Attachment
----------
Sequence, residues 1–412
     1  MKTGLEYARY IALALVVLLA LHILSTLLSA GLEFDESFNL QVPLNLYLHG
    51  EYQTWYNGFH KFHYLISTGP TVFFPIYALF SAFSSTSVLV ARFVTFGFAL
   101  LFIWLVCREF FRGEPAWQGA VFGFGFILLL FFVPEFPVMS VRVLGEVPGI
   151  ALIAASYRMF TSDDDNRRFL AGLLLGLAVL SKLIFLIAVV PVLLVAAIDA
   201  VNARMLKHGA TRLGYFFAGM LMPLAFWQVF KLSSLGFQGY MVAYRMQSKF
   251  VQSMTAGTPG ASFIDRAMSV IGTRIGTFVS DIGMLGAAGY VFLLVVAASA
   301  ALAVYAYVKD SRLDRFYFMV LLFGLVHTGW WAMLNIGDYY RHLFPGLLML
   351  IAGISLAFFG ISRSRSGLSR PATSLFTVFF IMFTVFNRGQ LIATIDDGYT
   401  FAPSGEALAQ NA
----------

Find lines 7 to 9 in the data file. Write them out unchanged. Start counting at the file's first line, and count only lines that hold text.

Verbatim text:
   251  VQSMTAGTPG ASFIDRAMSV IGTRIGTFVS DIGMLGAAGY VFLLVVAASA
   301  ALAVYAYVKD SRLDRFYFMV LLFGLVHTGW WAMLNIGDYY RHLFPGLLML
   351  IAGISLAFFG ISRSRSGLSR PATSLFTVFF IMFTVFNRGQ LIATIDDGYT